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B1332 - Cycle helmet act (repeal) bill 2018 watch

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    (Original post by JoeL1994)
    Have you ever met someone who has and acquired/traumatic brain injury and the life changing results that can occur? Wearing a helmet decreases the severity and likelihood of this happening.

    Nay.
    Have you ever considered the knock on effects of this? The negative impact on public health is even bigger
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    (Original post by CatusStarbright)
    That’s pretty much the sentiment in my second paragraph.
    Not really, otherwise you would be in the Aye column rather than the uncertain column
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    (Original post by Saracen's Fez)
    Because it was a) IIRC a Labour / Labour government bill and b) imposes sensible safety precautions when cycling.
    And what about the negative health impact on the public?
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    (Original post by joecphillips)
    Have you ever considered the knock on effects of this? The negative impact on public health is even bigger
    You could alleviate that 'negative impact' by encouraging cycling and emphasising its health benefits. Also, I'm not sure it's entirely reasonable to use Australia as an example considering the different approaches to matters we might have in comparison to them, i.e. we have a national Cycling scheme and the aforementioned country doesn't appear to. Public health messages could be different too. There's also your own sources indicating that helmets might not be a barrier to cycling (and therefore not a negative impact on public health) but rather a lack of infrustucture, "... ...biggest barrier to riding a bike is the lack of bike infrastructure, not helmets... ..."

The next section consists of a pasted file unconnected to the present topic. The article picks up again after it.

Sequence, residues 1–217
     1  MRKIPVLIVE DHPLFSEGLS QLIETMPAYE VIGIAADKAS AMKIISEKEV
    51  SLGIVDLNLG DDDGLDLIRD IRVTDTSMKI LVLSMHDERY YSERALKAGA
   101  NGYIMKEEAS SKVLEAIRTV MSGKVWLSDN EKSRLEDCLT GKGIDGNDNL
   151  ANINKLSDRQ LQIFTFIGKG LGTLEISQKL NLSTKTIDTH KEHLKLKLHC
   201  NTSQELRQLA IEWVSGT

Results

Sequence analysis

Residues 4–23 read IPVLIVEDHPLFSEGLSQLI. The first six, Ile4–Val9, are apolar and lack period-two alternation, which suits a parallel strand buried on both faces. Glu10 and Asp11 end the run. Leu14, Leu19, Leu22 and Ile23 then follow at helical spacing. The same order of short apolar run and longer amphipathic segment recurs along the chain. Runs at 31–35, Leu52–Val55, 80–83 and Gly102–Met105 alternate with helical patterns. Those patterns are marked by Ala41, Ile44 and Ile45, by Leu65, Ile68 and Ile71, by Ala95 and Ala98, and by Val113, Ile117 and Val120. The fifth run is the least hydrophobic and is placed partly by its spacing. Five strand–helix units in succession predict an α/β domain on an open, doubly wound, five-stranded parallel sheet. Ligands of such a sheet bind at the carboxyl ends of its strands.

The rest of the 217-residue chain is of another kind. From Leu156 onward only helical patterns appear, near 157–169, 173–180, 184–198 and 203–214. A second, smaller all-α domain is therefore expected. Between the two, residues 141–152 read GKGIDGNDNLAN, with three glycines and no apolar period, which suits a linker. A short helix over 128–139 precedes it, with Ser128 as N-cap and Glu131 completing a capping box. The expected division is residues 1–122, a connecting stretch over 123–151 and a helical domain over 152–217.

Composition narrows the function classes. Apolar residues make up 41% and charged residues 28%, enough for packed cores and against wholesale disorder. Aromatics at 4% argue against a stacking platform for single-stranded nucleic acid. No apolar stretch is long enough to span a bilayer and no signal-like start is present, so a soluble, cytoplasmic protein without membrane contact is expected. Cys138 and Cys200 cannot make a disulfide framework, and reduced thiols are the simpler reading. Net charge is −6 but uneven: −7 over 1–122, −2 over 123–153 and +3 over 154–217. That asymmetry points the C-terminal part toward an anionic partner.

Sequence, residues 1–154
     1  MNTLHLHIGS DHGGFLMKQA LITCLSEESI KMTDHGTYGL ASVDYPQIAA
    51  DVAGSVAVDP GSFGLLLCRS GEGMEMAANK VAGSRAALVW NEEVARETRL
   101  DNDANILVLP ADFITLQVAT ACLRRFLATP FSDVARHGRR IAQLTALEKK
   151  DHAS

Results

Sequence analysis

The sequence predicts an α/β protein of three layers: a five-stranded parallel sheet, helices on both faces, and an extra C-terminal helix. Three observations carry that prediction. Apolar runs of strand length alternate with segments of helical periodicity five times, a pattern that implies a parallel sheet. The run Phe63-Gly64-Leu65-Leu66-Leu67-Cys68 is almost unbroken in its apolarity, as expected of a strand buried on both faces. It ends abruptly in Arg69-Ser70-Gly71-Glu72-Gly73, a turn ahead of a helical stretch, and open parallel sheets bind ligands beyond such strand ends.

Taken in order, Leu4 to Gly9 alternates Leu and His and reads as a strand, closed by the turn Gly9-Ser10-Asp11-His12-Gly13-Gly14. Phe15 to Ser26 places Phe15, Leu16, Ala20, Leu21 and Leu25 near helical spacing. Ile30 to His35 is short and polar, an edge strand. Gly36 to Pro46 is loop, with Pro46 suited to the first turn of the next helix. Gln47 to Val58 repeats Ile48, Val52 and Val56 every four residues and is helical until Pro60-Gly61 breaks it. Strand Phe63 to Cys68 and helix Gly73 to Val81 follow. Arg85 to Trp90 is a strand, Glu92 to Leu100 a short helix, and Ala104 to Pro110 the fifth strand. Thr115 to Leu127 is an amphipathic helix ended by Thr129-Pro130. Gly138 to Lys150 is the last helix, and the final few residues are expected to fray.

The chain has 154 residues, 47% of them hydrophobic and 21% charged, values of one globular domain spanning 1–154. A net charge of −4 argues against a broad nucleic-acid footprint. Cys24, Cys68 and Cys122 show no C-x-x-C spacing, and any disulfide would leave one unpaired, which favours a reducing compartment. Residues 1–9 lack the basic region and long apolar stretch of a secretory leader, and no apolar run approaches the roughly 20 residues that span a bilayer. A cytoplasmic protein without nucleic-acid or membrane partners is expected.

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    (Original post by Conceited)
    You could alleviate that 'negative impact' by encouraging cycling and emphasising its health benefits. Also, I'm not sure it's entirely reasonable to use Australia as an example considering the different approaches to matters we might have in comparison to them, i.e. we have a national Cycling scheme and the aforementioned country doesn't appear to. Public health messages could be different too. There's also your own sources indicating that helmets might not be a barrier to cycling (and therefore not a negative impact on public health) but rather a lack of infrustucture, "... ...biggest barrier to riding a bike is the lack of bike infrastructure, not helmets... ..."
    ^
    Also Joe, I don't know how you can say an increased risk of death or serious injury in a population isn't a health risk. Its absurd.

    (Original post by joecphillips)
    Have you ever considered the knock on effects of this? The negative impact on public health is even bigger
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    (Original post by Jammy Duel)
    Not really, otherwise you would be in the Aye column rather than the uncertain column
    I'm "uncertain" since I also have an argument for voting against the repeal.
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    (Original post by Conceited)
    You could alleviate that 'negative impact' by encouraging cycling and emphasising its health benefits. Also, I'm not sure it's entirely reasonable to use Australia as an example considering the different approaches to matters we might have in comparison to them, i.e. we have a national Cycling scheme and the aforementioned country doesn't appear to. Public health messages could be different too. There's also your own sources indicating that helmets might not be a barrier to cycling (and therefore not a negative impact on public health) but rather a lack of infrustucture, "... ...biggest barrier to riding a bike is the lack of bike infrastructure, not helmets... ..."
    It’s not just Australia, I also included cycling uk who say exactly the same thing.

    The quote you use doesn’t actually say that helmets aren’t a barrier to cycling.
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    Mr Speaker

    I do not believe the state should force cyclist to wear helmets it's the individual choice. Aye